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					   Abstract data types (ADTs)
   An abstract data type is a user-defined data type that has:
   • private data hidden inside the class
   • a collection of public operations to manipulate the data
   • additional private operations hidden inside the class


   The notion of information hiding is quite common
   • the buttons on a cell phone provide various operations
   • users have no idea about the inner workings of the phone
   • it is not necessary to understand how the phone works in
   order to use it!

CPSC 252                      ADTs and C++ Classes              Page 1
   C++ classes as abstract data types
   These correspond to ADTs in other languages
   • public member declarations comprise the interface
   • private members and their implementations comprise the
   definition or “inner workings” of the class
   • client programmer need only know the public interface


   Each object is an instance of a class and has:
   • state (its own values for the member variables)
   • behavior (depends on current state)
   • identity (no two objects are the same)

CPSC 252                     ADTs and C++ Classes            Page 2
   The IntVector class as an example of an ADT


   We will review how to design and implement C++ classes by
   designing the IntVector class


   • the class represents a vector of integers
   • our implementation will store the data in an array
   • we impose restrictions we will remove in future versions
   • this implementation has only four public member functions


   A more robust implementation of IntVector is in the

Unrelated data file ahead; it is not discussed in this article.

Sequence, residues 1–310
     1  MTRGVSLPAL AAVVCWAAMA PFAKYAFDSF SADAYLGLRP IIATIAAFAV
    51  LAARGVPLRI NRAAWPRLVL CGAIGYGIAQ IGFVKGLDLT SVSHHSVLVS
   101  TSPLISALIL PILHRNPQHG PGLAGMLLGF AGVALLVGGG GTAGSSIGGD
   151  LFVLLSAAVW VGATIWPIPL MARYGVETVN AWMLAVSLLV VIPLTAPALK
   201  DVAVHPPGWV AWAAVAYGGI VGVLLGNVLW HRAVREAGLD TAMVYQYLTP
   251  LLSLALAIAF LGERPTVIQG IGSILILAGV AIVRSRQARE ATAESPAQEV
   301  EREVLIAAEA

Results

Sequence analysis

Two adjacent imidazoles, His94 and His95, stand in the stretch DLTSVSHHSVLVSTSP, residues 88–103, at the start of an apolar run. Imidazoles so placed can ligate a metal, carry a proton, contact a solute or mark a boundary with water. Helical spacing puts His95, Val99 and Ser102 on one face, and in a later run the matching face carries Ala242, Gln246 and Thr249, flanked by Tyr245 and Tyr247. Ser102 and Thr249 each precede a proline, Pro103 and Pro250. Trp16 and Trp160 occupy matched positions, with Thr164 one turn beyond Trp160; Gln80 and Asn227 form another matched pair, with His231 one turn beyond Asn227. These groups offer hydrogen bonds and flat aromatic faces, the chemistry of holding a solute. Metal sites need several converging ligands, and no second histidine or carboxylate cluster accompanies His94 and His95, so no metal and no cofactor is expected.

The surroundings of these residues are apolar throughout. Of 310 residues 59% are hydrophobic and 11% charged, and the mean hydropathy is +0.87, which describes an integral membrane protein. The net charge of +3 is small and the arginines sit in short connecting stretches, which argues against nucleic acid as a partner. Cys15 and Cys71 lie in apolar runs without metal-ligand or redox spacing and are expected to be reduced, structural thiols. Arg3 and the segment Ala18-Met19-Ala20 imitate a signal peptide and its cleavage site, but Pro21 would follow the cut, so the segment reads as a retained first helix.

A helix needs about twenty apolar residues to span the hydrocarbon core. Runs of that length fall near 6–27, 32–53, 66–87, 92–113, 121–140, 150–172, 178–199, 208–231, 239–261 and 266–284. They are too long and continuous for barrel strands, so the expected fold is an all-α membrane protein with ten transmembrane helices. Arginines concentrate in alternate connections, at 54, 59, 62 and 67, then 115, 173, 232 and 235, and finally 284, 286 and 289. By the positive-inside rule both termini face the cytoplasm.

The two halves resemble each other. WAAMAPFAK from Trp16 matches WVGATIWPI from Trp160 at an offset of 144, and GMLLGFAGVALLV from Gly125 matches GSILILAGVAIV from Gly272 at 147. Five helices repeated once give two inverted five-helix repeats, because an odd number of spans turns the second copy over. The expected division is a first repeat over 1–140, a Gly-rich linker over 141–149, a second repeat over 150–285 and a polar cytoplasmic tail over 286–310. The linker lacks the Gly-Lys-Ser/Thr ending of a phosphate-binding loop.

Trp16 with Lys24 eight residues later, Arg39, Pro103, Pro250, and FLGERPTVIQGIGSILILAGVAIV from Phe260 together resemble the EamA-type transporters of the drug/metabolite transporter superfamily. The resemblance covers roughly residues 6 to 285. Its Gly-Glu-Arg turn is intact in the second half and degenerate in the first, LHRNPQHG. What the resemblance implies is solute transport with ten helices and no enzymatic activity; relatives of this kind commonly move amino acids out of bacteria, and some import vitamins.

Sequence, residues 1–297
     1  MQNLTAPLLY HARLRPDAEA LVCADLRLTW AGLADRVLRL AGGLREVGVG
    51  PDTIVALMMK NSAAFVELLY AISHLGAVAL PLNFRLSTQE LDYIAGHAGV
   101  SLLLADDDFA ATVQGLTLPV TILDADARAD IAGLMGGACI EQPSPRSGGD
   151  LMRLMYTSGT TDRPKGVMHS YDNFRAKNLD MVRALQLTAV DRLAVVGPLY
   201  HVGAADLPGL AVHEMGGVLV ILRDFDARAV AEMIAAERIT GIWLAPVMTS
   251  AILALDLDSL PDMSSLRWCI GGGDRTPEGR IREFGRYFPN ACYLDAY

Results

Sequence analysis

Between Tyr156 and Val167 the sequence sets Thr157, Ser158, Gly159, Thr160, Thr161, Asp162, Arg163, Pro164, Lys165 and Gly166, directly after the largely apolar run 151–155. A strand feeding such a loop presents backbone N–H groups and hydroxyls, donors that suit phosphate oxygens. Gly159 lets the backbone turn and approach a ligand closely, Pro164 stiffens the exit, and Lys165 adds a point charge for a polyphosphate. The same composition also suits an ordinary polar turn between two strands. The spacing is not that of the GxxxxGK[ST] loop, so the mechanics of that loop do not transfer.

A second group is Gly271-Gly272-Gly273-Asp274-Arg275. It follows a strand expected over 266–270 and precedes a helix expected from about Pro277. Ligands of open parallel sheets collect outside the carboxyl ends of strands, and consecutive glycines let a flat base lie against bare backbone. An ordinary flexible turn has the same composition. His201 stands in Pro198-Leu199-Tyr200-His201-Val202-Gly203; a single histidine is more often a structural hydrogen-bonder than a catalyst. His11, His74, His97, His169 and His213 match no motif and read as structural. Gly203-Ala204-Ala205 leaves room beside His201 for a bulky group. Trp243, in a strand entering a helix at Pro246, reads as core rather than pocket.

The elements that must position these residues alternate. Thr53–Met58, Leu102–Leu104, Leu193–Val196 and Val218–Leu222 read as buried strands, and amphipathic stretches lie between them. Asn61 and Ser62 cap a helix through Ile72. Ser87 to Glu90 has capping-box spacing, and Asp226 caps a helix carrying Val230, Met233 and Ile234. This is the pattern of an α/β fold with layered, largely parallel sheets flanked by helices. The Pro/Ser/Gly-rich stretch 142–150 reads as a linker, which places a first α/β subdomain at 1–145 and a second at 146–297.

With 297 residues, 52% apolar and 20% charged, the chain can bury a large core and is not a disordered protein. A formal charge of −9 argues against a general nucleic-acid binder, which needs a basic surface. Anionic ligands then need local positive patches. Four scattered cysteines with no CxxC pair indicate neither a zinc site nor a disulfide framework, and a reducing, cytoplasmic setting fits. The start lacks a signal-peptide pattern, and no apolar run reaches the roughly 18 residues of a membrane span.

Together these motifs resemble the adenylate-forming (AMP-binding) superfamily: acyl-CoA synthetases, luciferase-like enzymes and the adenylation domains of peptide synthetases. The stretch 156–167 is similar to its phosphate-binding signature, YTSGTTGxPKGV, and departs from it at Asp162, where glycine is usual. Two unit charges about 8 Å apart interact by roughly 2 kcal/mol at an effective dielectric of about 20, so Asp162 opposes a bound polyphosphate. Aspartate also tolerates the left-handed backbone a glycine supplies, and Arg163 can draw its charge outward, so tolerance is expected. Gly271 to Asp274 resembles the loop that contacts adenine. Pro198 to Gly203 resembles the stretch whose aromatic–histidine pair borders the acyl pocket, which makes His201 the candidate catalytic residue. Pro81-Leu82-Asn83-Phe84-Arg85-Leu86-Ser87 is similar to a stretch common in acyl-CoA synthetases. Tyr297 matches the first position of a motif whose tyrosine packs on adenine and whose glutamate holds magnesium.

example section of the course website
CPSC 252                      ADTs and C++ Classes              Page 3
           show IntVector example




CPSC 252   ADTs and C++ Classes     Page 4
   Class declaration and data members
   Our (simplified) implementation uses a fixed size array
   • data members are private so they are hidden
   • minimize the number of variables to represent state
   class IntVector
   // Invariant: there are MAX_SIZE entries
   //      indexed from 0 to MAX_SIZE-1
   //      entries not defined unless initialized
   {
   private:
       static const int MAX_SIZE=100;
       int value[MAX_SIZE];     // array of integer values

   more on the next slide…
CPSC 252                     ADTs and C++ Classes            Page 5
   Constructor
   Implicitly invoked for each instance of IntVector
   • performs any necessary initialization of member variables
   • always has the same name as the class
   • constructor does not have a return type

           IntVector();
           // Default constructor
           // POST: an IntVector with capacity MAX_SIZE
           // has been created

   • note the semicolon “;” after the declaration
   • no precondition (maybe if there are parameters)
   • postcondition often just the invariant (unless parameters)

CPSC 252                      ADTs and C++ Classes            Page 6
   An accessor
   Returns information about the state of an object
   • does not alter the state of the object
   • this accessor returns the integer stored at a specified index
           int at( int index ) const;
           // Accessor
           // PRE: 0 <= index < MAX_SIZE and [index] defined
           // POST: If 0 <= index < MAX_SIZE the element at
           // index is returned if [index] is defined
           // Otherwise, program is aborted.

   • precondition says a valid index is required
   • postcondition tells us how exceptions are handled
   • sometimes we do not check the precondition in the code

CPSC 252                      ADTs and C++ Classes             Page 7
   Another accessor
   • this accessor returns the maximum capacity of the vector

           int size( void ) const;
           // Accessor
           // PRE: (none)
           // POST: maximum capacity of vector has been
           // returned.


   • all accessors have the const keyword at the end
   • no postcondtion required (but invariant is implied)




CPSC 252                       ADTs and C++ Classes         Page 8
   A mutator
   Alters the state of the object in some way
   • this mutator changes the value at a specified index

       int& at( int index );
       // Mutator
       // PRE: 0 <= index < MAX_SIZE
       // POST: If 0 <= index < MAX_SIZE